How Do I Know What to Offer on a House?

So you picked out a house, and you’re ready to go – how do you know what a good offer is?

You, as the potential Buyer, are the one who has the final say on what an offer will be.  You’re signing the contract, you’re writing the checks and living in the house – you set the offer.  But you’re not on your own –  your Real Estate Agent has a number of tools to help you figure out what a good, fair offer will be:

  • The CMA – as I’ve said in the past, the most valuable tool an Agent has is access to the local Multiple Listing Service, which will report all of the market sales along with loads of data on the home and the sale.  Once you pick a home, your Agent should be able to present you with a CMA, which will be a snapshot of the market for comparable homes in the last 30-90 days.  You can use this data to figure out what to offer, and if the home is overpriced or just right.
  • The Market Research – in addition to a CMA specific to the home you like, your Agent can give you a picture of the neighborhood market as a whole.  This can be a very valuable tool – you will be able to see if there are a lot of homes for sale.  If so, you will know that the Seller has a lot of competition, and your offer can reflect that fact that you have a lot of other options.   If there’s not so much listed, then the neighborhood is hot, and your offer should be higher, since fewer homes are available to the pool of potential buyers and the Seller has more options.  Also, check to see how quickly homes are selling – that is another clue as to how hot the neighborhood is, and will have an impact on your offer.
  • The Sales Prices – the MLS will have two sets of numbers for sold houses – one is the list price, and one is the actual sales price.  Final prices can vary widely, based on everything from condition of the home to the urgency of the Seller to move out.  Your Agent should be able to be show you a percentage on sales prices – say, that the homes in the neighborhood sold for 96.5% of the list price.  That gives you a good picture of the overall values in the neighborhood, and you can apply that percentage to your home to see where it puts the price.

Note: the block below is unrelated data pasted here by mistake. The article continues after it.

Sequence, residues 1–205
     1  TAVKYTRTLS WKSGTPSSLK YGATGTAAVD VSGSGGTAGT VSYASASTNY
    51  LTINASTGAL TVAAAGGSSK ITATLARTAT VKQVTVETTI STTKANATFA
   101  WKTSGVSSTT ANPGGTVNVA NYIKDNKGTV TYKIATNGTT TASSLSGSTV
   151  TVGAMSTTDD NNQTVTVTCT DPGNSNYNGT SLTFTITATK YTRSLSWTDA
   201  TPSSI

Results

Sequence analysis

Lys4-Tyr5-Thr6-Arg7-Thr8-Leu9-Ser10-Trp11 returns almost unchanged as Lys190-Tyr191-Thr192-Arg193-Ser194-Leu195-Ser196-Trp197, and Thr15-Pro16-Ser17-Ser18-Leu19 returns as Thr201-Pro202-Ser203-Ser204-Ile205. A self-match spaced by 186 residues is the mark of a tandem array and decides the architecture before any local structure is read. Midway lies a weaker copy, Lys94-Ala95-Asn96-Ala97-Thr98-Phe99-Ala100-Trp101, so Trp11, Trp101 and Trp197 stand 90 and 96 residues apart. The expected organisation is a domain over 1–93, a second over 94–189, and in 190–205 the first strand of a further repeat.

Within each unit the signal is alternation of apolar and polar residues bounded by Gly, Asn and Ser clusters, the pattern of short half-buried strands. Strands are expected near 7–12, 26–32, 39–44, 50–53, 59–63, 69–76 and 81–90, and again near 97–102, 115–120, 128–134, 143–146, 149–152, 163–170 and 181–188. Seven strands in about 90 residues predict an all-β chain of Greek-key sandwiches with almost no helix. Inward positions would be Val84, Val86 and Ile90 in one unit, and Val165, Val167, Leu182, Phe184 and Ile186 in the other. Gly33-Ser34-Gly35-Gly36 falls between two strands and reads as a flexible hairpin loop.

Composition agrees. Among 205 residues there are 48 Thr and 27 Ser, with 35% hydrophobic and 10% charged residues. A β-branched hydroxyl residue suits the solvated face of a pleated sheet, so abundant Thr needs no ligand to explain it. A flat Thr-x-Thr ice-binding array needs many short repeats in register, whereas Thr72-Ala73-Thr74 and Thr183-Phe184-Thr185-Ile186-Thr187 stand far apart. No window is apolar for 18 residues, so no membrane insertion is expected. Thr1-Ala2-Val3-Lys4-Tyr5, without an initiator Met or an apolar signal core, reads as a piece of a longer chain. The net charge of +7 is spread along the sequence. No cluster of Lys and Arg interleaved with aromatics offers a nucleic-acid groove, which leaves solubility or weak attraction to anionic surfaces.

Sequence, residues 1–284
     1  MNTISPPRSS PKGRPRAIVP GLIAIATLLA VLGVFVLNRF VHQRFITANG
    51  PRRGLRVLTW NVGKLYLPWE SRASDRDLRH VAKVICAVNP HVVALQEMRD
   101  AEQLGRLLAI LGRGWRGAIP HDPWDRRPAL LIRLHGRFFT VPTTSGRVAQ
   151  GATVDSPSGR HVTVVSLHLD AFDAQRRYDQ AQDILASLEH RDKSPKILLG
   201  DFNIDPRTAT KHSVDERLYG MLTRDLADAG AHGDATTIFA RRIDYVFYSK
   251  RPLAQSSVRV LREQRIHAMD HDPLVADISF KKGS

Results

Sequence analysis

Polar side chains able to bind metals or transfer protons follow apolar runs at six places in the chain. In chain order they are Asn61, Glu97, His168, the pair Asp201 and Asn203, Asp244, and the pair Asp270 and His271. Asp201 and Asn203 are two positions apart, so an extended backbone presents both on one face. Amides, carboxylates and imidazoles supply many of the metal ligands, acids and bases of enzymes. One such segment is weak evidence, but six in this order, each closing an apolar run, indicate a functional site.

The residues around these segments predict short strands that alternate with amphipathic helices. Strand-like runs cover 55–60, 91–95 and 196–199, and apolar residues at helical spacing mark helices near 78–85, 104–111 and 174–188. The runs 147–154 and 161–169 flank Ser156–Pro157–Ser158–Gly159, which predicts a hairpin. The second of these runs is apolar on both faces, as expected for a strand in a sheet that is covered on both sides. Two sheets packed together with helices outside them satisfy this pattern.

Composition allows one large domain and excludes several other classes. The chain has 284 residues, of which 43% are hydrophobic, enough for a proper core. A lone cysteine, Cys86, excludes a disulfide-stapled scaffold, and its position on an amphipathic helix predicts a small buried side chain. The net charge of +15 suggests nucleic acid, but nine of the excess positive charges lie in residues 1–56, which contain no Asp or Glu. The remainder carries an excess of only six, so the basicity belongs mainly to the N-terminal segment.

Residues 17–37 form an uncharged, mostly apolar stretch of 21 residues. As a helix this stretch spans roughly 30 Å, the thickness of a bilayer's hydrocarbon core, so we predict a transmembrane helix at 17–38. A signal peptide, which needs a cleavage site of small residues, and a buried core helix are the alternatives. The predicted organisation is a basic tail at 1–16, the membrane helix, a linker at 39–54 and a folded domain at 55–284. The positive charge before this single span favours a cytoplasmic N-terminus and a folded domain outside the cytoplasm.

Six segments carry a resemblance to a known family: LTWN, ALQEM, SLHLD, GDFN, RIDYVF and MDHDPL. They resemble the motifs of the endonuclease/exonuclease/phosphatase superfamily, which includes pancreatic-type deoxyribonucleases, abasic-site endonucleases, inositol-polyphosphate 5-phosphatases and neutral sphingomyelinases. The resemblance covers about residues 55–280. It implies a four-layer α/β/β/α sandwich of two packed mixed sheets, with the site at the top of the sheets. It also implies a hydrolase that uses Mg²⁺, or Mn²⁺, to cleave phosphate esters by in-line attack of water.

A note about online websites and their estimated values – Websites like Zillow and Trulia include with their listings an estimated value.  Lots of buyers use that number as a guide for their home – don’t do that!  The problem with those websites is that their numbers are based on some national average.  True home values are based only on local market conditions, and the criteria listed above.  I have seen estimated home values that are terribly inaccurate, like a value of $200,000 on a home with a foundation that’s literally crumbling.  Also, you can find home values on local county websites, and while those are usually a little more accurate, they are still skewed – the County Assessor hasn’t been in the home to rate its condition, and there are usually some political shenanigans involved as well.  For a true picture of a home’s value, talk to an Agent, or get an appraisal.

Some Other Considerations:

  • Have your Agent check the history of the listing.  This information is available on the local MLS as well, and can give you clues about the Seller’s position.  Pay particular attention to how many days the home has been listed.  Most MLS systems can tell you not only how long it’s been listed this time, but will go back and tell you if it’s been listed previously with no sale made.  A Seller who’s house has been listed for 295 days may very well be open to a low offer, as long as it reasonable.  Also look for price drops – a house that has had many price drops in a relatively short period of time may indicate a Seller who needs to get the home sold ASAP, while a home that’s been listed for a long time with no price drops may indicate a Seller who refuses to recognize the true market value of the home.